It all, at times, seemed rational to me, and I didn’t see any way out. I did not understand the concept of addiction or where to go for help. I did know, however, that I couldn’t talk about it with anyone. It just wasn’t acceptable in my social circle.

One day, the dean of students at my pharmacy school called and asked me to stop by. Waiting for me at the office was my father and a man holding a badge and handcuffs. My secret had been found out. The officer said they could arrange for me to enter treatment immediately or I could go to jail. Because I was a pharmacy graduate student, I was able to go to an inpatient treatment facility for impaired professionals.

Although it felt like the lowest point in my life, it was really a lifeline and the humbling experience I needed. I’m now grateful that I was able to get into treatment, to learn about addiction as a disease, and to start being honest with myself and those around me. Through treatment, I began to work a program of recovery and I engaged with peer, self-help groups.

Because I wasn’t allowed back into my pharmacy program for a year, I got a job at a coffee shop and began to learn how to live a life without using substances. I also had a long list of amends to make, including paying the pharmacy back for the drugs I stole. It took several years of monthly payments, but it was important to mend the damage I caused.

Eight months into my recovery, my mom was diagnosed with colon cancer. Because of my recovery, I got three more years with her and was able to mend that relationship and cherish that time with her. It was one of the greatest gifts of recovery.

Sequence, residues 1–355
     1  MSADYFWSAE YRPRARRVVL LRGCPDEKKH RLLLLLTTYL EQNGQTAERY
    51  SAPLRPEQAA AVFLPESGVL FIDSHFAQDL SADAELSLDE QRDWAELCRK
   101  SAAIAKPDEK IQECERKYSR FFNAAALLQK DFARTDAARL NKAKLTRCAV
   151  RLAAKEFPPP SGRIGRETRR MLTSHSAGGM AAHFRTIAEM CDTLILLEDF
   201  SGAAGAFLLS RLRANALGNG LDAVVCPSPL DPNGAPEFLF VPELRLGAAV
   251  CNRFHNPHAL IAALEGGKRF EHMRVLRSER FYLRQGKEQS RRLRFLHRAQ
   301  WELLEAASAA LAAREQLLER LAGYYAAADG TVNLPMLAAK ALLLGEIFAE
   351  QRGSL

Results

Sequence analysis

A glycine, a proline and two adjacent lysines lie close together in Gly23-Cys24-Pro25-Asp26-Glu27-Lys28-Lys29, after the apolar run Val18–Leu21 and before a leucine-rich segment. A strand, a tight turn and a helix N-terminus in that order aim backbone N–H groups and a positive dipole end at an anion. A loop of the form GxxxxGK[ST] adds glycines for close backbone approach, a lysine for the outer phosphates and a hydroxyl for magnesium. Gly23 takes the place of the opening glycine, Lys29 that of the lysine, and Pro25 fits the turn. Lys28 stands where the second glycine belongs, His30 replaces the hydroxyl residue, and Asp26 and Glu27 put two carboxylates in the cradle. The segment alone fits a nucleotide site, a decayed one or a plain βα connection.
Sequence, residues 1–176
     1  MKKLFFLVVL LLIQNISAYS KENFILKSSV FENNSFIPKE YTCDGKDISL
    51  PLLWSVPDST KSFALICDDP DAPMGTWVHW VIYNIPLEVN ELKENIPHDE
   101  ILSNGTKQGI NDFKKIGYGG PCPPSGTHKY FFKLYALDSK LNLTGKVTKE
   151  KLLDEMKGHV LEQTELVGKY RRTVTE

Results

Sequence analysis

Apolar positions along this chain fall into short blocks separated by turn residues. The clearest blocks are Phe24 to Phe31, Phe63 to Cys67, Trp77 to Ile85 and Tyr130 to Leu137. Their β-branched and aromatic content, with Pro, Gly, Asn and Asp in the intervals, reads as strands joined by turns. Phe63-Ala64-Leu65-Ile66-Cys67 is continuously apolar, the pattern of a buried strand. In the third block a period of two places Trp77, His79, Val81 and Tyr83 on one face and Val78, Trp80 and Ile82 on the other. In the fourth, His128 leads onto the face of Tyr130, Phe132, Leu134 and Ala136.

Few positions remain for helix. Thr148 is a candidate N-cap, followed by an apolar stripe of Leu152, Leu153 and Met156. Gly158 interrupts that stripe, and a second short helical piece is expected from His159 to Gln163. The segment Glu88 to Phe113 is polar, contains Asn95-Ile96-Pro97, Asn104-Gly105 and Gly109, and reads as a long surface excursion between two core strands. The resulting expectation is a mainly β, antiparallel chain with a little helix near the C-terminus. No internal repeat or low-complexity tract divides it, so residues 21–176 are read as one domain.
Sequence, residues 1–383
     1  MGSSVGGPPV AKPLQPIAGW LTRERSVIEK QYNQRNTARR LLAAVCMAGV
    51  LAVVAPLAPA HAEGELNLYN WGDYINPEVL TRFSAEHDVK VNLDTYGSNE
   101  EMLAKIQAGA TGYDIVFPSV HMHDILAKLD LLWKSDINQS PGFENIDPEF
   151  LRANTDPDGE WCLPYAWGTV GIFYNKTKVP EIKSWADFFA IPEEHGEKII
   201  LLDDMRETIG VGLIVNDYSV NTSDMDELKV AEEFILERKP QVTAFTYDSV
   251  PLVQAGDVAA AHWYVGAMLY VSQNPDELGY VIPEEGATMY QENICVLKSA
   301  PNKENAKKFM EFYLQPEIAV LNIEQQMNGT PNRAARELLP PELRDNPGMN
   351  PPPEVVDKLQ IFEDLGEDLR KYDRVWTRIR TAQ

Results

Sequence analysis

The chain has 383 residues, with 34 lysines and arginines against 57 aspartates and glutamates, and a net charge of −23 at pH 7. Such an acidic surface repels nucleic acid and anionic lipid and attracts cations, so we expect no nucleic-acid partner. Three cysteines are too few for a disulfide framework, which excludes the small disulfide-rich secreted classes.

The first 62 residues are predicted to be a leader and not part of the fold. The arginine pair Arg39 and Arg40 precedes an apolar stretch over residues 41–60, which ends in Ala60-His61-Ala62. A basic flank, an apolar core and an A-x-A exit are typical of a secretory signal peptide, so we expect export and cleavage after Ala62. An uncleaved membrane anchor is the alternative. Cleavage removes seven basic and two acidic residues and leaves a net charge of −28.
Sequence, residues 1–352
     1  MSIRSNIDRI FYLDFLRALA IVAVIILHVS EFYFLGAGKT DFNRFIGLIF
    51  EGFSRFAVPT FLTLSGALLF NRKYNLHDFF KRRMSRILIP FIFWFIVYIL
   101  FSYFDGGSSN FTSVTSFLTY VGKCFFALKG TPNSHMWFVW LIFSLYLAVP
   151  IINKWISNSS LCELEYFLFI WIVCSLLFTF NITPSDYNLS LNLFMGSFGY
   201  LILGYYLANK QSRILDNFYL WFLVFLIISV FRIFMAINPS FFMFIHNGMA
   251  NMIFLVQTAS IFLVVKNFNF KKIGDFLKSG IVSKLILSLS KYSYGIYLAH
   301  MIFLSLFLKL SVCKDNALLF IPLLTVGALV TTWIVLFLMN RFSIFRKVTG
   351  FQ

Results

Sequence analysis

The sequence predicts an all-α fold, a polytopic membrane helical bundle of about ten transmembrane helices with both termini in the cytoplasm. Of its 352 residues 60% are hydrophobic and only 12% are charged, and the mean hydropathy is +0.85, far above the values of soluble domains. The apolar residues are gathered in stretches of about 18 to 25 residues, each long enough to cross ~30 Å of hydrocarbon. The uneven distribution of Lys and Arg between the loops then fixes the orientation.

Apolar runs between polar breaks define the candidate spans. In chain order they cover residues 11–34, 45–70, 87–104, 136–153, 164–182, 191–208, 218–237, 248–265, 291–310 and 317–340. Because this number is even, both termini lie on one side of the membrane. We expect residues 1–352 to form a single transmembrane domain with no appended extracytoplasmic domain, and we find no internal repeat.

After I got my pharmacy doctorate, I worked at CDC in the bioterrorism area and then tried working in the private sector, but found I preferred public service. When I decided to come back to the federal government, I knew I wanted to join the Commissioned Corps, where I could work both in an office setting and be deployed to help the public during times of need. In all cases, I disclosed my history with opioids and substance use. I had to pass pharmacy and medical review boards before the Commissioned Corps accepted me.

Recovery is a life-long commitment that takes work. Even 16 years later, I still participate in self-help groups and work with people in recovery. And each day at HHS, I have the privilege of working on substance abuse research and policy to help prevent substance misuse and to help those struggling with it.

There’s much we know about addiction and effective treatment. But we also know that we are losing too many people. Stigma is a critical part of that. No one should die because stigma prevented them from getting the help they needed.

If I can share my story and show the transformative nature of recovery and be an example of one of the millions of Americans living in recovery, maybe that will give hope to somebody else.

On January 2, 2018, Christopher Jones started a new position as the first director of the National Mental Health and Substance Use Policy Lab at SAMHSA. The Policy Lab was created as part of the 21st Century Cures Act and promotes innovation and the dissemination of evidence-based practices and service delivery models related to mental health and substance use.

For information about opioids and what the Department of Health and Human Services is doing to combat the opioid overdose epidemic, see https://www.hhs.gov/opioids/index.html.

Reprinted with permission from the National Institute on Aging